This year was the first year that I’ve properly taken the time to grow strawberries. I’ve grown Elsanta strawberries because I’ve read that these are the most fruitful and reliable varieties on the market. I’ve planted these straight into the ground at the allotment and because its the first year I didn’t expect much of a crop, I thought I would just let the plants get established first – I did get a couple of strawberries, but I think these went straight to the birds and squirrels.
Toward the end of the crop, strawberry plants start to produce runners, also known as stolons. The runner will produce new shoots every 30cm or so and this is great because you can cultivate these new shoots into new plants.
Cultivating strawberry shoots from runners is incredibly easy.
- First, dig a hole in the ground of where you want the new strawberry plant to sit, and place a 2-3inch pot of multi-purpose compost into the ground.
- Take a shoot, and place it on top of, or into the pot of multipurpose compost, use a peg or a bent cocktail stick to hold the shoot down.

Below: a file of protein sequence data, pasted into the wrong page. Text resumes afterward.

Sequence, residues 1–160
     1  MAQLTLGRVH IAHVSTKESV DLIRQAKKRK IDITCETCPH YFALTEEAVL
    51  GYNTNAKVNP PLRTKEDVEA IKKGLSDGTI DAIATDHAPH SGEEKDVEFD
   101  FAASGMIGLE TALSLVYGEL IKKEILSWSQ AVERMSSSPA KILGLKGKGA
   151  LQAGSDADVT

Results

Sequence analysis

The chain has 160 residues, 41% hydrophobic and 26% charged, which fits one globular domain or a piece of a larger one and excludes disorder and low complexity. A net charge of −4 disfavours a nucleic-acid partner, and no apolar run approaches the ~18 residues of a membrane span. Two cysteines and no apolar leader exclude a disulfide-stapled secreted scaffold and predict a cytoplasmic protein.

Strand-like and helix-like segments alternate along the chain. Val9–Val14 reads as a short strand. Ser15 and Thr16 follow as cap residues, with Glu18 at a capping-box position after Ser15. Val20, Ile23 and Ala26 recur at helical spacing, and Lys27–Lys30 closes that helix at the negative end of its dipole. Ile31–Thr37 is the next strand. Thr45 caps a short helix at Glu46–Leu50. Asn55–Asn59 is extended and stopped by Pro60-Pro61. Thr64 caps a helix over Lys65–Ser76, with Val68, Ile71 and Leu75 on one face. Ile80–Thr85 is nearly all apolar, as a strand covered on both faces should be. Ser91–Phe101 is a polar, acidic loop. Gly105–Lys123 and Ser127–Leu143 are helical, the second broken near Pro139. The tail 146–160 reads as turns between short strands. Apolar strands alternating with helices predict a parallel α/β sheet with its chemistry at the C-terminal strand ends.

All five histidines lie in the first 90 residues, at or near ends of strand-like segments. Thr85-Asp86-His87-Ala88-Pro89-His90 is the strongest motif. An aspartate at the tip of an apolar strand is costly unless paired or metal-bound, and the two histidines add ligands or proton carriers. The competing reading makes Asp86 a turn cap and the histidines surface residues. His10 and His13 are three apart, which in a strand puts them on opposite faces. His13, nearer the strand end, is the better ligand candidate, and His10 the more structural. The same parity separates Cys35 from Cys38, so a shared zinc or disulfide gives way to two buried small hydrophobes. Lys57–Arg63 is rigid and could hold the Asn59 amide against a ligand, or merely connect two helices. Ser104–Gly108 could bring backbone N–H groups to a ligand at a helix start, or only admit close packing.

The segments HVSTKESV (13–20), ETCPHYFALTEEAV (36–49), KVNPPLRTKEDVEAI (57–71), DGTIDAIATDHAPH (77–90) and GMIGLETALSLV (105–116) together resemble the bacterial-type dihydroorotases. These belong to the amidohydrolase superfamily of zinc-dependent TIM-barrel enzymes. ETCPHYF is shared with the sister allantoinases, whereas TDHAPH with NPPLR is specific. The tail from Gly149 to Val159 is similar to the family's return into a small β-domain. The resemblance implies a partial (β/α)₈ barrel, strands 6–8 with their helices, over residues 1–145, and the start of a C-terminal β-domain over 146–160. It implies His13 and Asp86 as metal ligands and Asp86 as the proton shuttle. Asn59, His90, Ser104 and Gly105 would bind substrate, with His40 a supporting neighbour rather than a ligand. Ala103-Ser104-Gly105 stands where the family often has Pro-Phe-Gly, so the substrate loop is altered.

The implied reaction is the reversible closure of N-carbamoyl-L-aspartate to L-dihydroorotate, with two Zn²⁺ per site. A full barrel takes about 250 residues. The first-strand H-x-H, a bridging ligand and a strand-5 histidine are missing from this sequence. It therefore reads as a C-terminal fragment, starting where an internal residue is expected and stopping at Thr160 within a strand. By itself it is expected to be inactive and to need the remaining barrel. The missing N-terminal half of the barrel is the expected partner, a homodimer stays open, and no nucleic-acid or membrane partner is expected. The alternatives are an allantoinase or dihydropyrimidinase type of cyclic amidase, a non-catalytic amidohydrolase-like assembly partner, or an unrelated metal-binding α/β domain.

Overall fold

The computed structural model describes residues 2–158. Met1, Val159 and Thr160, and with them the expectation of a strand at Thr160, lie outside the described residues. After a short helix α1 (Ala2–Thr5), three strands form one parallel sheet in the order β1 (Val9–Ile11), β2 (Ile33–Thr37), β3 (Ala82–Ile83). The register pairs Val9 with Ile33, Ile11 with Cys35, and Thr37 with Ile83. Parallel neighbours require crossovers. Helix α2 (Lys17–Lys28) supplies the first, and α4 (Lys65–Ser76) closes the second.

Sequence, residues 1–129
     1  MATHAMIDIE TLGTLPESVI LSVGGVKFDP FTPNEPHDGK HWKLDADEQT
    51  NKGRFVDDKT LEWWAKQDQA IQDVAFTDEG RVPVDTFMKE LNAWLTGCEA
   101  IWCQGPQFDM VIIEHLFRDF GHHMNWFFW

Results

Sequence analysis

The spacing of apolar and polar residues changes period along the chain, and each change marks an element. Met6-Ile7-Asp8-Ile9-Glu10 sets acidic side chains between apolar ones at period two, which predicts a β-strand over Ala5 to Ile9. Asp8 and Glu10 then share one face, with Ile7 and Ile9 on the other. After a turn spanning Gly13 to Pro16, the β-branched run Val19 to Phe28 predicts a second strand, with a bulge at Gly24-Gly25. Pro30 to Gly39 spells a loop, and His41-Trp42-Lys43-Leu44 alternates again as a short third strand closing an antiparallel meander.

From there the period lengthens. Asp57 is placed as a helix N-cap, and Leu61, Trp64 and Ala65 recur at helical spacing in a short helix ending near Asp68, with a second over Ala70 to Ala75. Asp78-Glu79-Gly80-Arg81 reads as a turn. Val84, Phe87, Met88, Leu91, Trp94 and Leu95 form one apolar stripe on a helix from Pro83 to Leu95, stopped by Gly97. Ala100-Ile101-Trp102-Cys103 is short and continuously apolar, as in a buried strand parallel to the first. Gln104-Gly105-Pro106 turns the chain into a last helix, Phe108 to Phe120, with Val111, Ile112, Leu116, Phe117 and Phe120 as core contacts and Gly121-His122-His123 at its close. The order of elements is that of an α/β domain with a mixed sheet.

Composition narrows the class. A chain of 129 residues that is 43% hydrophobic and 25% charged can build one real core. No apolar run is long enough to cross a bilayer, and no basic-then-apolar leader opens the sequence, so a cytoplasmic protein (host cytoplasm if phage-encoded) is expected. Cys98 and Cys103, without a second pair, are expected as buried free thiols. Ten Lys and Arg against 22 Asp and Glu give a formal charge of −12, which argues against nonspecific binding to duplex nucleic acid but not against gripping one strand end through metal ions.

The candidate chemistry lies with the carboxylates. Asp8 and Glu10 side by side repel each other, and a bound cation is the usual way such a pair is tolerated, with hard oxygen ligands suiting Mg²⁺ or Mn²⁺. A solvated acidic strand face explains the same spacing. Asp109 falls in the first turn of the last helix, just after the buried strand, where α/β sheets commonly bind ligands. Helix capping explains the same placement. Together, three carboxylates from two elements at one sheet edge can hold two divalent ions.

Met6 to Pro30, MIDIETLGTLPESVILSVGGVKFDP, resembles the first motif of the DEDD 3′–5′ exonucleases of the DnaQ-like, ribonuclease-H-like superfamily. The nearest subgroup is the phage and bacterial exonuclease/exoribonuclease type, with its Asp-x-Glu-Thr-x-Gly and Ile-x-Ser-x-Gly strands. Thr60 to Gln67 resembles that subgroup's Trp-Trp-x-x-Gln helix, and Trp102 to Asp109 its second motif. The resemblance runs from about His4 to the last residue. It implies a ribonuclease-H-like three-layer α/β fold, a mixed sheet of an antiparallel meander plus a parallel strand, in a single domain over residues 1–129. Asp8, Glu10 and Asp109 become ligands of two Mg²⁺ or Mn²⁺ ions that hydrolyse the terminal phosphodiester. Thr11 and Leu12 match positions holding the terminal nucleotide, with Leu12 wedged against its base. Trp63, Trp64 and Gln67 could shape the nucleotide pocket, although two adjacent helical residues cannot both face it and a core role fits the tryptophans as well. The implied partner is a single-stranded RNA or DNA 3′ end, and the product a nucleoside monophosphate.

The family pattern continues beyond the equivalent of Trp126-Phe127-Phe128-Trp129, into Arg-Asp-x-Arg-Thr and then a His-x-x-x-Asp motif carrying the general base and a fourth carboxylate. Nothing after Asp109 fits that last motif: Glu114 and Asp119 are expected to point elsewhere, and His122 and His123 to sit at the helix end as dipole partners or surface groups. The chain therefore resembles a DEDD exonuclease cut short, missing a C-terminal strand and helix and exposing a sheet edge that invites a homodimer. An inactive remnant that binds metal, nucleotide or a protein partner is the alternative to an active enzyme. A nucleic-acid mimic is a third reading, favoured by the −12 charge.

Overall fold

- Water thoroughly and within three to six weeks, you should have a plant with a fully established root stock ready to plant into the ground.
- If you want to concentrate the mother plant’s energy into the new shoot, cut the runner so that it doesn’t produce new shoots. Typically, you want to aim for around two to three new shoots per runner plant.
If run out of time to do the above, the strawberry plants will take root wherever, so you can always dig these up and plant them where you want them if this is more convenient. The strongest shoots tend to be the plants nearest to the mother plant.
During the fruiting season, it’s not unheard of to pick out the runners so that most of the plant energy is put into your fruit.